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What is apsd on Mac | How to Disable apsd on Mac?

Updated on Wednesday, January 3, 2024

iBoysoft author Jenny Zeng

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Jenny Zeng
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What is apsd on Mac | How to Disable apsd on Mac?

Summary: In this article, we'll tell you what the apsd process on Mac is, how to disable apsd if it's causing troubles, and why apsd wants to connect to a server.     --by iBoysoft

The apsd process on Mac

Looking into the Activity Monitor app on Mac, you may find a process labeled apsd has written several to a hundred GB of data into your disk or is consuming a lot of memory. If you're wondering what this process is doing on your Mac, this post will give you the answer.

Table of Contents:

What is apsd on Mac?

The apsd process stands for Apple Push Notification Service Daemon. It's responsible for handling the delivery of notifications for various applications and services on iOS and macOS devices, such as Mail, FaceTime, or messaging apps.

When an app wants to send you a notification, it communicates with Apple's Push Notification Service (APNs), which then interacts with apsd to display the notification based on your settings.

  • If the app is set to display notifications, apsd will display the notifications as banner notifications or alerts on the lock screen or in the notification center, depending on your preferences.
  • If the app is set to not display notifications, apsd will receive the notifications, save them in a queue on the device, and display them within the app the next time you open it.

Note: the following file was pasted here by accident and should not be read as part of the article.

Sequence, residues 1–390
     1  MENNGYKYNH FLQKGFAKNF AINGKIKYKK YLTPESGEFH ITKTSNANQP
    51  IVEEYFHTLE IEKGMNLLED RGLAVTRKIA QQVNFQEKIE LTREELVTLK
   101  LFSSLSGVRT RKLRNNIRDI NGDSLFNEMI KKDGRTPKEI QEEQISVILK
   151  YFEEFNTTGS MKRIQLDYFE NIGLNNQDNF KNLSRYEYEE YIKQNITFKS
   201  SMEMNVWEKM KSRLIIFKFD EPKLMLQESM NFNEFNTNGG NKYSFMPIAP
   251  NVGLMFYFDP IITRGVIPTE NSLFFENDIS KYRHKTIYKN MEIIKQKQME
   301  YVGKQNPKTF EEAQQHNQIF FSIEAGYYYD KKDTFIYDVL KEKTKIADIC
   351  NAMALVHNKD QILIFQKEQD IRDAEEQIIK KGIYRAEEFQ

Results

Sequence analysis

Since apsd is a daemon that runs in the background, you generally won't interact with it directly. It starts automatically and does its work behind the scenes.

If you want to check its plist file, open Finder, click Go > Go to Folder, and search for: /System/Library/LaunchDaemons/com.apple.apsd.plist. 

The apsd plist file on Mac

 

Now that you know what the apsd process is, share it with others!

 

How to disable apsd on Mac?

It's usually not recommended to disable or tamper with apsd as it is an integral part of the macOS ecosystem for managing notifications. However, if it's trying to bypass the firewall or preventing your Mac from sleeping, you can take the following steps to disable it:

  1. Open Terminal from the Applications > Utilities folder.
  2. Copy and paste the following command into Terminal and hit Enter.sudo launchctl unload -w /System/Library/LaunchDaemons/com.apple.apsd.plist
  3. Type in your admin password and hit Enter.

If Terminal returns the error "/System/Library/LaunchDaemons/com.apple.apsd.plist: Operation not permitted while System Integrity Protection is engaged," you need to disable SIP and then retry running the command.

If you ever want to reenable apsd on Mac, run the command below in Terminal.

sudo launchctl load -w /System/Library/LaunchDaemons/com.apple.apsd.plist

apsd wants to connect?

The apsd process connects to the servers of various apps and services to deliver push notifications to your device. If you use Little Snitch or a similar network monitoring app, you'll likely receive a message saying that apsd wants to connect to a server when it's trying to establish a connection with an external server.

apsd wants to change

Depending on whether the server is from an app you want to receive notifications from, you can allow or deny the connection.

Share this article to benefit others who want to learn about apsd on Mac.